The new independent dramedy Loitering with Intent focuses on two friends (Ivan Martin and Michael Godere), who are tasked with writing a screenplay in just 10 days. During their writing period, they are met with distractions, from an old flame (Marisa Tomei), a potential new flame (Isabelle McNally), and slightly unstable individuals (Sam Rockwell and Brian Geraghty). I recently had the amazing opportunity to interview Marisa Tomei, Sam Rockwell, Ivan Martin, Michael Godere, and director Adam Rapp. It was a lovely discussion as the stars and director spoke about the film’s origins and the different themes explored. Ms. Tomei and Mr. Rockwell also spoke about their favorite roles from the past and potential future projects. All in all, it was a truly wonderful interview. Loitering With Intent will be released January 16, 2015.
You all know him from Forrest Gump and The Sixth Sense. He was that cute little kid who “saw dead people”. Well, now he’s all grown up and he stars in the raunchy new comedy Sex Ed, a film with sharp wit and pretty decent performances especially from Osment. I spoke with the actor regarding the film and it was pretty enlightening to say the least. Here’s the interview:
Actor Kal Penn is known for a great many things. His stoner adventures in the Harold and Kumar film series are without a doubt, his most notable works. He’s actually also on the President’s Committee on the Arts and Humanities under Barack Obama. With his busy schedule, he even finds time and currently stars in the new drama Bhopal: A Prayer For Rain, a film which explores the Bhopal chemical disaster which occurred in India 30 years ago. Mr. Penn was nice enough to speak with me about the very important film and it was truly enlightening, to say the least:
Interview with Black Sails Stars Zach McGowan and Mark Ryan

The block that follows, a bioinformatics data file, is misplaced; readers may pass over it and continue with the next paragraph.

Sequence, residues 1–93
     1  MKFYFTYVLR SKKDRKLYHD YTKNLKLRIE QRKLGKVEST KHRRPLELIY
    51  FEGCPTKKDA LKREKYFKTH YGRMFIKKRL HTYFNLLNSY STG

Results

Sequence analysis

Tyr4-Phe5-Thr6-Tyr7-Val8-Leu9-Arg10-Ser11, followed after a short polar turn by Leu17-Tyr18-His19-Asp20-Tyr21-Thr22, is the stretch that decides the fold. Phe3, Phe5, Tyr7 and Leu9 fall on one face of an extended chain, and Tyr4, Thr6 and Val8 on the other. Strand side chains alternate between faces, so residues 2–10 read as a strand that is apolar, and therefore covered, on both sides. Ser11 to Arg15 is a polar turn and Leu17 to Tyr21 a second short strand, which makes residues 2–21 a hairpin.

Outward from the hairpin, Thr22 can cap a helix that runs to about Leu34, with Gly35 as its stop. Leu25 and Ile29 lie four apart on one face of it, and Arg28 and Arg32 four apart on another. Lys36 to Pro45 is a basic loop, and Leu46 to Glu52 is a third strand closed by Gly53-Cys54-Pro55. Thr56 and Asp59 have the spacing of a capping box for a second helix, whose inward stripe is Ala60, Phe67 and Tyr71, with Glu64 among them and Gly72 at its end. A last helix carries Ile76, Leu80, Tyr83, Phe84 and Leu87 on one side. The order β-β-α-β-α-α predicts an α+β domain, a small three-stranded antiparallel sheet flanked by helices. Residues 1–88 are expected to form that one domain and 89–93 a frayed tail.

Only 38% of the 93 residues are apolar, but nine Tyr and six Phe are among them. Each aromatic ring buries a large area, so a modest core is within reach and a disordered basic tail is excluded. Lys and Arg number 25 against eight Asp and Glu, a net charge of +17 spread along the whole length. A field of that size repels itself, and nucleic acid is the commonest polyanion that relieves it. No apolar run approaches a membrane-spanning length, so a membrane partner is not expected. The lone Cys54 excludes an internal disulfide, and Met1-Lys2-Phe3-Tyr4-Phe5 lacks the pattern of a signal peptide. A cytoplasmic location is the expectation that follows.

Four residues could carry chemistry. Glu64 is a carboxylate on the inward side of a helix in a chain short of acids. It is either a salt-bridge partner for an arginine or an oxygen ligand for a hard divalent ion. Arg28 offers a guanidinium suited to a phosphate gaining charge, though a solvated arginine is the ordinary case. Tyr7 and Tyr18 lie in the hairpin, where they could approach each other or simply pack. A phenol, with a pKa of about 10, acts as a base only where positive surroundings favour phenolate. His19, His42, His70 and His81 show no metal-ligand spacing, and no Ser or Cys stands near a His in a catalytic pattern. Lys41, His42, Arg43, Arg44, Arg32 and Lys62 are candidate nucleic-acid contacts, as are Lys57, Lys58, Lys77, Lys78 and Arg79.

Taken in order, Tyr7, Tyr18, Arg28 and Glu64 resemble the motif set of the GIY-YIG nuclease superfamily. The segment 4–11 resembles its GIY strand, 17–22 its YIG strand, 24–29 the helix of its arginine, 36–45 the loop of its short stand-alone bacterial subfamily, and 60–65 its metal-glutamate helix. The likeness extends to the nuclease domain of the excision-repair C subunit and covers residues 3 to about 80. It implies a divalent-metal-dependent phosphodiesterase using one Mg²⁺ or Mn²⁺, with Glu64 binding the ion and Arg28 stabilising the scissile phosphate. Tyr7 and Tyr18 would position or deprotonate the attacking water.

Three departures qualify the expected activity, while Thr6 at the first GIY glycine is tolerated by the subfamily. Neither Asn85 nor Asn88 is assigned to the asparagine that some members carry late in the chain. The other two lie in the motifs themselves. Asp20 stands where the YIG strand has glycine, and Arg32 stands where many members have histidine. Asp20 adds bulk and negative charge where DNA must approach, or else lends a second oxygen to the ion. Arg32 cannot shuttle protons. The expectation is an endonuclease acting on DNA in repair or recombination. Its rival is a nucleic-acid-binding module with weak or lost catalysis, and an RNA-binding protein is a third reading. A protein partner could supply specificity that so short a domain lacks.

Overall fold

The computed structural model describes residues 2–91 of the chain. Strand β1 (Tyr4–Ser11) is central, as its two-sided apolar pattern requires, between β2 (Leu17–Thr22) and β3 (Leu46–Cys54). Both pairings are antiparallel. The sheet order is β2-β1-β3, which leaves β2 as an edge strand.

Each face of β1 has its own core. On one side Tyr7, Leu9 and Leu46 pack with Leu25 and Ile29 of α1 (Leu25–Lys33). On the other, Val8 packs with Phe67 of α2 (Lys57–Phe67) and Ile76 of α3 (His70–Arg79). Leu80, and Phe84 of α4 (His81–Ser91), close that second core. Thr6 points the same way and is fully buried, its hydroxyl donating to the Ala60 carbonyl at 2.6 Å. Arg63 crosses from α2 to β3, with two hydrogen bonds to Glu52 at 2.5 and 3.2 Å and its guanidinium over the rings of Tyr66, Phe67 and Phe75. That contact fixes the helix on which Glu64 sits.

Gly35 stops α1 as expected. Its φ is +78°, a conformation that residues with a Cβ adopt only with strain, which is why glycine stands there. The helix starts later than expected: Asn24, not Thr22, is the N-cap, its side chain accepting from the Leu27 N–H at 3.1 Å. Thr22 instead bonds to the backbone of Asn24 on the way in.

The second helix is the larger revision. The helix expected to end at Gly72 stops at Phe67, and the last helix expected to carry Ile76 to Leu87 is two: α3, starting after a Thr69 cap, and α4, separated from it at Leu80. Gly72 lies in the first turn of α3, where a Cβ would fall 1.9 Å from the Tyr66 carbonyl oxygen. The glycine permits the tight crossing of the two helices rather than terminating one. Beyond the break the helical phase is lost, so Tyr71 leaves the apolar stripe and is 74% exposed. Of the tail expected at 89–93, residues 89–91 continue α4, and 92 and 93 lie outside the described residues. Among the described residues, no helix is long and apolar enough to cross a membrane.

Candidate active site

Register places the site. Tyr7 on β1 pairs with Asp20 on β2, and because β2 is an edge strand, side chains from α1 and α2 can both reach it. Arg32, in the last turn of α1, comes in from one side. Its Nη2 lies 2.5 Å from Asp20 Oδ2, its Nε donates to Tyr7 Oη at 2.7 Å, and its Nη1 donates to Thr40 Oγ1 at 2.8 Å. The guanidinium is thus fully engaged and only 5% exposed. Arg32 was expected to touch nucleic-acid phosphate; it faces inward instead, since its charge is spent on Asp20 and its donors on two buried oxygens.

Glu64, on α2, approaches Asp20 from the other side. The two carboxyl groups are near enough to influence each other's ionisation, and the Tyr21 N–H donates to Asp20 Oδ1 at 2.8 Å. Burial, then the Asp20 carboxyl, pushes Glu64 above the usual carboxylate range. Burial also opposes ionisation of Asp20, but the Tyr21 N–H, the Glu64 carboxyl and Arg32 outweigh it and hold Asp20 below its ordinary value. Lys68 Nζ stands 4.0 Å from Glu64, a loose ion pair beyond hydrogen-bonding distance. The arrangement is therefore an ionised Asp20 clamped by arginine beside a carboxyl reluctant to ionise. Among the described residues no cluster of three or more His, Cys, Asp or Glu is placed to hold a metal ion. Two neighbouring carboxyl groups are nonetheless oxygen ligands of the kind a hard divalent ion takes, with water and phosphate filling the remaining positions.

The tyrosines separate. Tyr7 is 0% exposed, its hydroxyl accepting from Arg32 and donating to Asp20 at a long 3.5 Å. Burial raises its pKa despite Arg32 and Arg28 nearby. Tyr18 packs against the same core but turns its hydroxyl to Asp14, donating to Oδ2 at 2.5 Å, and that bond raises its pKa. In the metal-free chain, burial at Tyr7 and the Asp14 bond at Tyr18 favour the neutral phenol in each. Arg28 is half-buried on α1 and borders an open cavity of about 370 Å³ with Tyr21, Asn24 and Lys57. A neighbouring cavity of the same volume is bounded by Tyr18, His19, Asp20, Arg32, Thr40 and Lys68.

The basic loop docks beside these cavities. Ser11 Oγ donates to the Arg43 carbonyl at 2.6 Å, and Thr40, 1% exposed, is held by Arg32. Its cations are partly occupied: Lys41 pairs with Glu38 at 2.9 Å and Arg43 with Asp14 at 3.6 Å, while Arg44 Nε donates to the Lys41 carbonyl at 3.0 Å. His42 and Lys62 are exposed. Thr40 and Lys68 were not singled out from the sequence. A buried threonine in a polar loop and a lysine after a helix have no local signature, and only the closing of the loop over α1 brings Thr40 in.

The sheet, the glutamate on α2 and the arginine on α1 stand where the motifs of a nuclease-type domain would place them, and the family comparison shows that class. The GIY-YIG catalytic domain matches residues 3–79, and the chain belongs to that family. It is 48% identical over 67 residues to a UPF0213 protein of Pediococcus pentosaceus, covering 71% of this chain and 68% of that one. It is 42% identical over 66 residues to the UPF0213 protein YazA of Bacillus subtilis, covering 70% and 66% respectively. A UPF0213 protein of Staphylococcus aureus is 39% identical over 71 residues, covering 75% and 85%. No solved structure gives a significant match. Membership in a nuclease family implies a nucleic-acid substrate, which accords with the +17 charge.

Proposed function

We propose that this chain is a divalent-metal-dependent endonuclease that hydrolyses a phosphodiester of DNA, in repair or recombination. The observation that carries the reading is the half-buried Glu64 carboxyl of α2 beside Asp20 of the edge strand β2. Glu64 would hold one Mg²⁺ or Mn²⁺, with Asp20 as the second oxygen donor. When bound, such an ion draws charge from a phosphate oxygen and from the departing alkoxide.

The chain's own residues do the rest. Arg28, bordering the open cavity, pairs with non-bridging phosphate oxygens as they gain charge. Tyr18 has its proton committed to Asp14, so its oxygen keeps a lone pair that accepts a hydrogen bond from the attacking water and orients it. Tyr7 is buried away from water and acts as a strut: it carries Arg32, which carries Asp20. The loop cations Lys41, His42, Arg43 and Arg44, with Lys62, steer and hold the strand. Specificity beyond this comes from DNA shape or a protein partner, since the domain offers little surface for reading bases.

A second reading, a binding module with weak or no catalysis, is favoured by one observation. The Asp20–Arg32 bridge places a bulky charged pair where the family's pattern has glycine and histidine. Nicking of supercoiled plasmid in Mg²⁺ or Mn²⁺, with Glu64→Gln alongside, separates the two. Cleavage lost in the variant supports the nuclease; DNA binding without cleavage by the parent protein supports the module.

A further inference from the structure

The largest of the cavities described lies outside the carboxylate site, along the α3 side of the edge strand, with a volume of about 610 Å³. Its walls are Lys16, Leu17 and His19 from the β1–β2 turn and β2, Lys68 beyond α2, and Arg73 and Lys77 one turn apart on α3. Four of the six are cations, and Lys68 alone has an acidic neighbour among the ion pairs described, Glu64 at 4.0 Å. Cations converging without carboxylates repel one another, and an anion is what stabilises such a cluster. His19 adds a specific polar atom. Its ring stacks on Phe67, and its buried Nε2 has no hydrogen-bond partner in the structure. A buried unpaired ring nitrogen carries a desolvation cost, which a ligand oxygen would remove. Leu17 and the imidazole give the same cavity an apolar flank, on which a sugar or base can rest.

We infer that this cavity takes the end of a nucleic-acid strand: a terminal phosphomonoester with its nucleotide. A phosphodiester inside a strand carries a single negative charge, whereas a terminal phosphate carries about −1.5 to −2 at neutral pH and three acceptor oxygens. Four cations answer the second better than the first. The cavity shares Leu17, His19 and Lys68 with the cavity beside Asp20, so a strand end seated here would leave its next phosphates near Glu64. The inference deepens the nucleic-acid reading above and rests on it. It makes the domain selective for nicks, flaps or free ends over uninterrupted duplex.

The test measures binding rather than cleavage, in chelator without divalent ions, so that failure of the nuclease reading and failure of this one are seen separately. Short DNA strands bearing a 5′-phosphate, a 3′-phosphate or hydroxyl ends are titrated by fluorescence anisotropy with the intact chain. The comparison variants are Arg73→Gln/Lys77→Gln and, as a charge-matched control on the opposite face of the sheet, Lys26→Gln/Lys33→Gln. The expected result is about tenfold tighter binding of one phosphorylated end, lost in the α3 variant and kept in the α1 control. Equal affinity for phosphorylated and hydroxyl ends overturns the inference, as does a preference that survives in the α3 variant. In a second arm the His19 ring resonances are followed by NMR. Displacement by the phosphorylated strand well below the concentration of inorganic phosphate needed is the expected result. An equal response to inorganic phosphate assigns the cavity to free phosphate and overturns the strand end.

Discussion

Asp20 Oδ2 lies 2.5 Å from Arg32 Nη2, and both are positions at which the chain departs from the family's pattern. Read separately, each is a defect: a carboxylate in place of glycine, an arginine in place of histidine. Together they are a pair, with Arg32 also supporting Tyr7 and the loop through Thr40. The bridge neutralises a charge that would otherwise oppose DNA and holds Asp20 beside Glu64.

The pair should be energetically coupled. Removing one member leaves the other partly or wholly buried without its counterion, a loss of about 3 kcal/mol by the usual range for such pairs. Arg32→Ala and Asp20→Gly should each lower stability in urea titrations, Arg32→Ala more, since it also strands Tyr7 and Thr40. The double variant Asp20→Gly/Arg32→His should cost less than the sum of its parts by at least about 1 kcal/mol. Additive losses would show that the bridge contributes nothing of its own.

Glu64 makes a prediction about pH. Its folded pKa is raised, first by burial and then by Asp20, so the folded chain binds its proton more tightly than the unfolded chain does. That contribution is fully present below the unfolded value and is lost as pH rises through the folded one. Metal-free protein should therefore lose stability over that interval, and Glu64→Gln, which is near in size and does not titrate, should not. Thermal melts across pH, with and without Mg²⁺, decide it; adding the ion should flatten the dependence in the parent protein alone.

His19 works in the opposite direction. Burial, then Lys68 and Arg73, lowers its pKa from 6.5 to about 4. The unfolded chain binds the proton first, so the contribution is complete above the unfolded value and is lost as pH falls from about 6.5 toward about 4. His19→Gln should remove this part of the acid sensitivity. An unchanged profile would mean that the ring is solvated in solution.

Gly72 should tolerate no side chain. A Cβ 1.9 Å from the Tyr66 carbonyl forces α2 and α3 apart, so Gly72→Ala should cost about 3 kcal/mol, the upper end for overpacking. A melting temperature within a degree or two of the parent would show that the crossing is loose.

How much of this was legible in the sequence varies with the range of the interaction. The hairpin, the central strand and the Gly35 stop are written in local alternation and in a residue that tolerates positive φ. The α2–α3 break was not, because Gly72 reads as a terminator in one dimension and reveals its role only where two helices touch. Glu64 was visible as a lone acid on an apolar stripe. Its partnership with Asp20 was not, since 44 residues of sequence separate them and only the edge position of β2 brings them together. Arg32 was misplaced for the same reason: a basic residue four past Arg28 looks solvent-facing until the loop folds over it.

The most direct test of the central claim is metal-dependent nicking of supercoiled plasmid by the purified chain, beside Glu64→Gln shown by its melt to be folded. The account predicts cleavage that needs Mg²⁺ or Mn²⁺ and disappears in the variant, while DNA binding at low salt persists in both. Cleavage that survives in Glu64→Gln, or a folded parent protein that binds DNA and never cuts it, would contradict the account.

Q: They were talking about doing the training. I remember the Spartacus guys and the Da Vinci’s Code were on a strict diet. Is it the same for you guys?
Zack McGowan: It’s not that they keep us on a strict diet or whatnot. I mean, you know, they have kind of goals, creative goals, and you either do them or you don’t, depending on, I mean I was just told that I have to go off of any kind of diet because they said I’m in too good of shape, so I’m going back to something. You know, to me, I always stay in shape. For this, I definitely kicked it up a notch. It’s not like you can go to the grocery store in this world, so there is a nature of being on boats, not having a lot of supplies and sick, not having safe drinking water. You know, the Bahamas is a really tough place to get drinking water because they’re small islands that don’t have very high elevation and not very large forests that there was not much clean drinking water around. You get the sense that being lean in this world is pretty specific, so yes and no, but I tend to eat well anyway.
Mark Ryan: I was on a special diet, South African Savignon Blanc, oysters, I ate a lot of kudu, a lot of wildebeest, a lot of kinklet, some lobster. Yes, as you can see, my body is a temple.
Zack McGowan: You guys will have no problem with that, you’ll like everything with that.
Interview with Black Sails Stars Luke Arnold and Jessica Parker Kennedy
Q: Are you from West Australia?
Luke Arnold: I studied in West Australia, yeah, so I lived in Australia kind of in every state there. I went to drama school over in Perth. The most isolated city in the world, so, which is good practice for shooting in Cape Town.
Interview with Black Sails Stars Toby Stephens and Hannah New
Toby Stephens: I play Captain Flint who is the captain of the Walrus. When we join in, historically he has been the most successful pirate on the island. He’s brought in the most money, but he’s hit a foul patch and his crew is becoming discontented and beginning to doubt his captaincy. There’s a guy on the crew who is trying to get him kicked out because these crews are democracies. They’d all be pressed, the crews and pirate ships have all been pressed to naval ships or onto merchant ships. They were taken away from their families, they were treated appallingly, they were paid very little, it was a very hard life, so when they became pirates, they imposed this real democratic system which was terribly inefficient because every time there was a decision to be made, they all kind of had to go by show of hands. The only time the captain had absolute power was in battle. So anyway, there’s this sense at the beginning of this that Flint is this terrifying figure, but he’s on the back foot, he’s in trouble, they’re going to vote him off, and he has to survive.